Category Archives: Smoke and Origination

A Sliver of Right 10: Purpose?

“Purpose?” is a modular statement nestled in the ambitious sprawl of “Smoke and Origination.” The songs on the album were, overall, long and ornate statements. But this little vignette tempers and humbles all that ambition.

The composition holds the fundamental concept of the album: Bach is present in every song on “Smoke and Origination,” but “Purpose?” is the only composition where Bach is the central motif and not a subliminal theme; 50 seconds of Bach’s “Air on G” transmogrified into sludgy stillness and uncertainty.

“Purpose?” is the aged conundrum:

Do I have a purpose?
Do you have a purpose?
Does “Purpose?” have a purpose?

Sometimes, you need not 77 minutes of vibraphone and tuvan throat singing to achieve an answer to such questions.

The recording of this piece is a mix of cello samples, real cello, and incidental classical guitar playing. Considering that my productivity is, at best, glacial, “Purpose?” being composed and recorded in a day was a supernatural achievement.

I recall the companion artwork for this piece vividly. Every song from “Smoke and Origination” and “Torched Laughter” had artwork. (I apologize that I have yet to post the art for these songs. Words get in the way of thought.)

The artwork for "Purpose?"

The artwork for “Purpose?”

While gardening, I came upon several roots that looked like Alien face huggers. I ended up taking one, spraying it with acrylic and leaving it aside. Shortly after, I found a light socket. Inspired by the concept of “Purpose?,” I placed the root into the socket.

Facehugger from the movie "Alien." Post op.

Facehugger from the movie “Alien.” Post op.

Is there a purpose to have art for “Purpose?” and does “Purpose?” have a purpose?

Cue the vibraphone…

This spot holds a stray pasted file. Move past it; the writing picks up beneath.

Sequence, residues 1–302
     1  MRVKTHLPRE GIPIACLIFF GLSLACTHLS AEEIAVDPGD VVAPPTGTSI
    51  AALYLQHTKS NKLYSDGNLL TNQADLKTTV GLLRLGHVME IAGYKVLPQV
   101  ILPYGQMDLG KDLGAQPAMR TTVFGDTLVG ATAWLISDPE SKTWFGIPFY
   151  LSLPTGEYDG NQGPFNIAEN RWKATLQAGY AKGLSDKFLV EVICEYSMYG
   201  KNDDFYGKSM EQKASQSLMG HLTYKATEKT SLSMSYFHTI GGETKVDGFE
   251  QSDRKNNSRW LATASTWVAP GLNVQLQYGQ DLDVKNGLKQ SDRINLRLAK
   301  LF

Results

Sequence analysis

A Sliver of Right 4: Spaghetti Terrorist

Words can get in the way of what you are saying. A piece like “Spaghetti Terrorist” liberates the necessity to articulate emotions and statement with lyrics. Yet I am going to try to explain some of it; as it is relevant to the 9/11 date. And I enjoy unattainable expectations.

Prior to returning to Canada in 2002, I built up a mythology in my head about the country. It was a foolish and involuntary thought process that can only be constructed by someone who always felt out of place; reinforced by the fact I was born there, but lived in the US for most of my life. When I came back to Canada and settled in Ontario near Toronto, I could not accept that the reality did not match my mythos. There were all these sloppy globules of monotonous beige subdivisions that made Nantucket look like a kaleidoscope. (See A Sliver of Right 3 about Nantucket and the song Waterlilly.) The sprawl was overwhelming to me, who lived in an area that was built gradually over centuries.

Like a child who didn’t get his way, I became angry at my immediate Canadian environment. Adapting was not an option. Christopher, Empress of the Andromeda, does NOT adapt to beige.
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